The section on “Biometric data interchange” is interesting, although I know nothing of the standards used in this area. But what are the implications of responding to the question on. for example, “ISO/IEC 19794-5 Information Technology – Biometric data interchange formats – Part 5: Face image data”. If this is a Mandatory Standard could this mean that it is used in situations which I feel infringe personal liberties? The initial response might be to suggest that the standard will only be used in appropriate areas – and yet we have seen that defining WCAG as a Mandatory standards has led to it being enforced when its use may be inappropriate. It does seem to me that there is a need to define a policy layer which helps to ensure that Mandatory clauses are not used in inappropriate areas.
I’ll not comment further here on areas which I know will be of interest to the JISC development community:
Conferencing system (six standards listed), Content management, syndication and synchronisation (which covers various standards such as XML Schemas, OAI-PMH, RSS, OpenURL and Z39.50), Data integration between known parties (which includes XML, XML Schemas, XSL, UML, RDF and OWL), Data publishing (which covers RDF, SKOS and OWL), Identifiers (which covers DOIs, ISBN, ISSN, XRIs, GUID, URIs, URLs and PURLs), Interconnectivity (which covers various Internet protocols), Service management (which only includes ISO/IEC 20000) or Service registry/repository (which includes UDDI, ebXML, ebRS and edRS), e-Learning (which covers IMS, IEEE LOM and SCORM), Geo-spatial, Web Services and Workflow and web services.
or areas which will be of less direct relevance to our development community:
Business object documents, Smart cards or Smart travel documents. e-Commerce, purchasing and logistics, e-Health and social care, e-News, e-Voting, Finance and VoIP.
Despite the rhetoric in the introduction to the Government ICT Strategy document it seems that the survey is simply revisiting work which has been published previously in the e-GIF guidelines. Looking at the Technical Standards Catalogue, for example, there is a section on Specifications for computer workstations which lists PDF, MS Office formats and Lotus notes which I mentioned previously.
Looking in more detail at the survey form I find that the form is full of typos. For example (with the typos given in bold):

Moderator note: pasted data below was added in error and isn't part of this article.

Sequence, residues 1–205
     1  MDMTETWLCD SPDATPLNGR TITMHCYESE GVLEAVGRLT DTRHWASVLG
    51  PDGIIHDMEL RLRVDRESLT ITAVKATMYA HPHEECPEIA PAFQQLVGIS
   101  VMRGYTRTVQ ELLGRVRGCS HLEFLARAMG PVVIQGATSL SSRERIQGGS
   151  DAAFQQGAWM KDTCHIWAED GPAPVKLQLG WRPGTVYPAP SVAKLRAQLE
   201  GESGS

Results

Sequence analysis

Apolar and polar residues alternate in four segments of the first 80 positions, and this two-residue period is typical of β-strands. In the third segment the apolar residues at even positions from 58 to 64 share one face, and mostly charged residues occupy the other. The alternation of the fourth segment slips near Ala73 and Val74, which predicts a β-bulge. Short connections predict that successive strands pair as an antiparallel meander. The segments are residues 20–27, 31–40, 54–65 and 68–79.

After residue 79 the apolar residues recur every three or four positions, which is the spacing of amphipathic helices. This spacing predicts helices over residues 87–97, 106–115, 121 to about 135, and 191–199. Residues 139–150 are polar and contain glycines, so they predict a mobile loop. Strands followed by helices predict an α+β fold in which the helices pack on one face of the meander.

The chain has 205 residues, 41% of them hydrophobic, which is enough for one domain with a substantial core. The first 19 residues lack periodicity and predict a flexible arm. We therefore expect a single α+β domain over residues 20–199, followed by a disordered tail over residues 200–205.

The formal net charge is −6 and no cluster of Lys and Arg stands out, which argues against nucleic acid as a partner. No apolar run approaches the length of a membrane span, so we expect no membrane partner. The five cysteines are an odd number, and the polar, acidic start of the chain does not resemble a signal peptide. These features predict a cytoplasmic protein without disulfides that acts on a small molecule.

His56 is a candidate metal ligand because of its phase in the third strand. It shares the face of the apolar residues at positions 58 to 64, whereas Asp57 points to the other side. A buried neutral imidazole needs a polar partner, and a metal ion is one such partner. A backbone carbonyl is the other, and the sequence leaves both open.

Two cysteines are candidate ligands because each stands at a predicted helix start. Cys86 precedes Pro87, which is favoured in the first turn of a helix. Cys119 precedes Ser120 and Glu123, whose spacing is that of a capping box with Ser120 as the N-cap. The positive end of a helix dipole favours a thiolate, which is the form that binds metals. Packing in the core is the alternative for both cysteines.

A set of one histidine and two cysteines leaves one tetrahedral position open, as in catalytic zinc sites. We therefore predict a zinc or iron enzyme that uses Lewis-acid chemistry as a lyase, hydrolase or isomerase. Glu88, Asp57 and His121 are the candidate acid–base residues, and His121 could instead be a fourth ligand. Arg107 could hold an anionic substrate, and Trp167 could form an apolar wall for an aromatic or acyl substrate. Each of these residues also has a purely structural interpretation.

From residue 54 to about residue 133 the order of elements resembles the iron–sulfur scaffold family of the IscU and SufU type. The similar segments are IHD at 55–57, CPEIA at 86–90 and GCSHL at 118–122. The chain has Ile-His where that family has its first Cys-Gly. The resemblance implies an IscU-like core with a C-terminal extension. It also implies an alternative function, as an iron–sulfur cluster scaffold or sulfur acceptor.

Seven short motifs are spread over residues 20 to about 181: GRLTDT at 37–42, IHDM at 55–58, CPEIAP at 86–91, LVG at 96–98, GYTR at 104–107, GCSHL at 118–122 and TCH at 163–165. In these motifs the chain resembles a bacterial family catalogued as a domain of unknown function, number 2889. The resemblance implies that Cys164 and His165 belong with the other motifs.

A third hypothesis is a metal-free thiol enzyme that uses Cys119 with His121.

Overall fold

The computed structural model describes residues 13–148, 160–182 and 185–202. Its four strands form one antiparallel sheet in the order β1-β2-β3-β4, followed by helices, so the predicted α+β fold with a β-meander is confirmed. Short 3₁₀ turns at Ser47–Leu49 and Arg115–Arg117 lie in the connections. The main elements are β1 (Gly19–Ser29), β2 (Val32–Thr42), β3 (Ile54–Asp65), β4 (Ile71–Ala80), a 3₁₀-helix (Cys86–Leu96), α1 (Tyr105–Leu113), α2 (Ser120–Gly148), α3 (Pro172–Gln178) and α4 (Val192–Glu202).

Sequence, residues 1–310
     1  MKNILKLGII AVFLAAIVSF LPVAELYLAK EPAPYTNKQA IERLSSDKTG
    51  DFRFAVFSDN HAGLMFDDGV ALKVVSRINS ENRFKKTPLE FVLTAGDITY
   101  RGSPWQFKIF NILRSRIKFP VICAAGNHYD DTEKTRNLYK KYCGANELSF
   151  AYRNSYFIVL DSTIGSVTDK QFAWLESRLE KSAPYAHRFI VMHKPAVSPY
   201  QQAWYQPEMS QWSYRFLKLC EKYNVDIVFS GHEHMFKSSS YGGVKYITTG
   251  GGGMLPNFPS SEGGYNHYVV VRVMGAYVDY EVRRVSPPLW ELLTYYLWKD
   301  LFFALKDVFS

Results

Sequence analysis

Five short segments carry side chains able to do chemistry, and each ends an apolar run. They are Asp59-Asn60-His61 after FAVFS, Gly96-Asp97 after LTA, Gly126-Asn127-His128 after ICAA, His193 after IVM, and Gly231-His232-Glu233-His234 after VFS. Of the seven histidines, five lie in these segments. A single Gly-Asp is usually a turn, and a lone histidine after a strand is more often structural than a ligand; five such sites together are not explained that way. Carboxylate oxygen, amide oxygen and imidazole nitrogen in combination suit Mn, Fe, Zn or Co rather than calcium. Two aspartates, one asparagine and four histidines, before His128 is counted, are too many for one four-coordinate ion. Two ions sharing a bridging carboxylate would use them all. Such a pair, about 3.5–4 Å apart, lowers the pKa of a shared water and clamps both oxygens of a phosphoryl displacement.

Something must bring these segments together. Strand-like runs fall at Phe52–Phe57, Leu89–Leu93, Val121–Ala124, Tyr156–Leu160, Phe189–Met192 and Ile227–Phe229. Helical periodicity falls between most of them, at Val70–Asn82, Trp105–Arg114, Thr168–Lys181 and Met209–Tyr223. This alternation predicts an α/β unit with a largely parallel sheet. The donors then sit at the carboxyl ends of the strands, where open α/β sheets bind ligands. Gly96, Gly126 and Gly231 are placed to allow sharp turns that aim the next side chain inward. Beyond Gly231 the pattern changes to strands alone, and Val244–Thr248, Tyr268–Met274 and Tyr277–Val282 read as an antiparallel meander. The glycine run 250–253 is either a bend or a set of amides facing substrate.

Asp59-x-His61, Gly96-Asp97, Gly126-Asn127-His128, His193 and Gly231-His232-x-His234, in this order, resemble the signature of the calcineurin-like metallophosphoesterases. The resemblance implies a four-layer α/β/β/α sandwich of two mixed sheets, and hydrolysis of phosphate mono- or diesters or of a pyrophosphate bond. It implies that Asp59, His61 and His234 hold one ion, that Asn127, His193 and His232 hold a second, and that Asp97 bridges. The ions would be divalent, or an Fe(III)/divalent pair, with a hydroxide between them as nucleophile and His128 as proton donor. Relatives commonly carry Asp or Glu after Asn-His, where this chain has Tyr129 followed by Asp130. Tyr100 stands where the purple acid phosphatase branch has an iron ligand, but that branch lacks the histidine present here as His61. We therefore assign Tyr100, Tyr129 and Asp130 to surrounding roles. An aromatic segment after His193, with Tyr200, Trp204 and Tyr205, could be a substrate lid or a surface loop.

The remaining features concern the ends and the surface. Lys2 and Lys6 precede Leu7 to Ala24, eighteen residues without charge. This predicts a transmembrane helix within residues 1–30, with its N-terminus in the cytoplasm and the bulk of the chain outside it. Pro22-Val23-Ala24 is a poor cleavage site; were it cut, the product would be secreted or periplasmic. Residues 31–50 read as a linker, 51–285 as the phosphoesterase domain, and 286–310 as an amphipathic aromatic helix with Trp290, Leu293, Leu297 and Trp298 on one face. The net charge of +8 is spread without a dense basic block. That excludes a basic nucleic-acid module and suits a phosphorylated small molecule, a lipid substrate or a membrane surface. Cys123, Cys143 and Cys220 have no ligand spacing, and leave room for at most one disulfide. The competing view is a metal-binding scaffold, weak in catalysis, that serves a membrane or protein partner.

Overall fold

- There are many different defintions of the term ‘open standard’. We’d like your feedback on our proposed definition.
- Usabilty (there are multiple occurrences of this typo)
- coding of continous-tone still images (there are multiple occurrences of this typo)
- Data defintion – Government Data Standards Catalogue (there are multiple occurrences of this typo)
- Ontology-based inforamtion exchange (e.g. OWL)
- Persistient identifier (e.g. XRI) (there are multiple occurrences of this typo)
- Digital Object Indentifier (DOI) (there are multiple occurrences of this typo)
- HyperText Tranfer Protocol (HTTP) (there are multiple occurrences of this typo)
- Authetication (there are multiple occurrences of this typo)
- Elecrtical standards (e.g. ISO/IEC 7816-10)
- Terminal infrastrucure standards (there are multiple occurrences of this typo)
Does this matter if the meaning is obvious? For a conversational email message or blog post perhaps not but for a formal process for gathering information it is of some concern. This is particularly true when there may be particular standards which could be mis-identified be typographical errors. So although I spotted the errors listed above (initially when reading the document and subsequently by putting the document through a spell-checker) I have no idea if the following examples could contain errors:
- ISO/IEC 7816-15: 2004/Cor 1: 2004
- Contact cards – Tactile identifiers BS EN 1332-2 Identification card systems – Man-machine interface Part 2: Dimensions and location of a tactile identifier for ID-1 cards
It should also be noted that the survey form itself contain flaws. As illustrated below although the form repeatedly invites respondents to “suggest other standards within this category that are not listed. Start a new line for each in reality it is not possible to enter more than a single line.
Glyn Moody felt that there was a “ray of hope” in the Governments’s apparently enlightened approach to open standards. I fear he is mistaken – sadly I see nothing to indicate that the government has an understanding of the implications of any decisions that may be taken as a result of this flawed information-gathering exercise.